Pakistani Teen Blogger Recovering From Taliban Attack

The Slatest
Your News Companion by Ben Mathis-Lilley
Oct. 19 2012 10:03 AM

Malala Yousafzai Is Now Awake, Doctors Say

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Pakistani students carry placards with the photograph of child activist Malala Yousafzai during a protest against the assassination attempt by the Taliban on Malala in Lahore on October 16, 2012

Photo by Arif Ali/AFP/Getty Images.

Good news for those following the recovery of teenage Pakistani girls' education activist Malala Yousafzai: She is now awake and was able to stand today for the first time since being shot in the head by the Taliban.

CBS News reports that Malala, who was flown to the U.K. for treatment following a successful surgery to remove the bullet, has a limited memory of what happened:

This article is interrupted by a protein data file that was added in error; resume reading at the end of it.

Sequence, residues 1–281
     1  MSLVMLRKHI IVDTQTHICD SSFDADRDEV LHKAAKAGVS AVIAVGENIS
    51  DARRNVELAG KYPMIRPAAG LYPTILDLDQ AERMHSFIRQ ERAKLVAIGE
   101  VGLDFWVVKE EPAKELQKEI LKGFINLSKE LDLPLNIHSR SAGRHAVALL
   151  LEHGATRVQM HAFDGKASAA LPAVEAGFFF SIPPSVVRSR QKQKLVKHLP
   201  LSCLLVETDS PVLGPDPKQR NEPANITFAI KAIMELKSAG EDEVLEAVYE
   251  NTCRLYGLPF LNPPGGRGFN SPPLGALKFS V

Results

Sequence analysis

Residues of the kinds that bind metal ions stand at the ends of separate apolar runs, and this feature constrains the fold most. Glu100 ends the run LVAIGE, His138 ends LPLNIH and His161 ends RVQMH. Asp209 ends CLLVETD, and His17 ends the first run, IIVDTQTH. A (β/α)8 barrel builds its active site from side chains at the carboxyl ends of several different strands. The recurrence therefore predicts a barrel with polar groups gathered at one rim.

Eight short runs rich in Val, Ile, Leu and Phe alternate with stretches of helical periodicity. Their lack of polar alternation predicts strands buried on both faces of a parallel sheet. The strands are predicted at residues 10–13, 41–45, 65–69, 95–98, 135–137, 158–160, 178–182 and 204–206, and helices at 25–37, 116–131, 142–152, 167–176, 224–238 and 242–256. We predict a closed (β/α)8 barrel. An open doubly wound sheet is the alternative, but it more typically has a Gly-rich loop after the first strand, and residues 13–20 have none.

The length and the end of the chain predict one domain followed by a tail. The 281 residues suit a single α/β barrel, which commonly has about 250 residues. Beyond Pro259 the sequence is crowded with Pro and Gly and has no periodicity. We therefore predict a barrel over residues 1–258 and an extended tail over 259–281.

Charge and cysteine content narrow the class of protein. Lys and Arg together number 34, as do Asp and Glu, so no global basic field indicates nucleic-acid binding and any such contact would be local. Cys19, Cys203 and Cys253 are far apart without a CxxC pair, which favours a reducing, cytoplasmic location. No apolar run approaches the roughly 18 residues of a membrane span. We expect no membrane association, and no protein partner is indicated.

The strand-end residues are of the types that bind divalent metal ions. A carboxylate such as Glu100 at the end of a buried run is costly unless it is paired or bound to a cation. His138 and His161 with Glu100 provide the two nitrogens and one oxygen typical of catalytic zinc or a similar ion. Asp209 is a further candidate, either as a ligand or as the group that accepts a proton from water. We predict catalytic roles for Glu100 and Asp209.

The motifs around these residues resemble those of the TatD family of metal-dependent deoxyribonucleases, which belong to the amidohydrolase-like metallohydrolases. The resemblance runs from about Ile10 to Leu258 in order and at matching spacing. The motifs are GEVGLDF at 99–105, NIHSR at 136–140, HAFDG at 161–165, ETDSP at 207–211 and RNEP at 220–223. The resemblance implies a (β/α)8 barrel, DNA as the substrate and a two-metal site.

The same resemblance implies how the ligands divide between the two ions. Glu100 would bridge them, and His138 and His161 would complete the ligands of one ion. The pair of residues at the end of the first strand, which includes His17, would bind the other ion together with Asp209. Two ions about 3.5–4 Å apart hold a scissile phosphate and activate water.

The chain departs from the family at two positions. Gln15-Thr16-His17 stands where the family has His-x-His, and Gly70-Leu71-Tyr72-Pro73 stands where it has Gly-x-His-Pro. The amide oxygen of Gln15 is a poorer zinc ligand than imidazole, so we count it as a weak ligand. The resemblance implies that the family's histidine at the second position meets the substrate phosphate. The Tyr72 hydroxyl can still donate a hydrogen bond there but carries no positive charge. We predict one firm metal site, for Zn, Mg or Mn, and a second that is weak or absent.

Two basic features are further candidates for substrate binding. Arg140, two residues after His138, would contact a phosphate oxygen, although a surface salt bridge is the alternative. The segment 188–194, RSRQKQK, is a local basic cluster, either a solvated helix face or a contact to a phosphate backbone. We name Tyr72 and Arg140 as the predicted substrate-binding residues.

[Malala] has some memory as to what happened, and remembers she was in Pakistan on a school bus one moment, and then, in the next, woke up in a foreign country. One of the first things she asked when she came out of her medically-induced coma Tuesday ... was what country she was in.
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Malala is now off a ventilator, but breathing through a tube in her neck. She's communicating by writing because she can't talk. Doctors hope to begin reconstructive surgery in "weeks to months," after she's had time to recover enough. Right now, doctors are treating an infection at the wound site.

Meanwhile, as CNN reports, journalists working out of Pakistan have been threatened by the Taliban for reporting on the attack.

Abby Ohlheiser is a Slate contributor.

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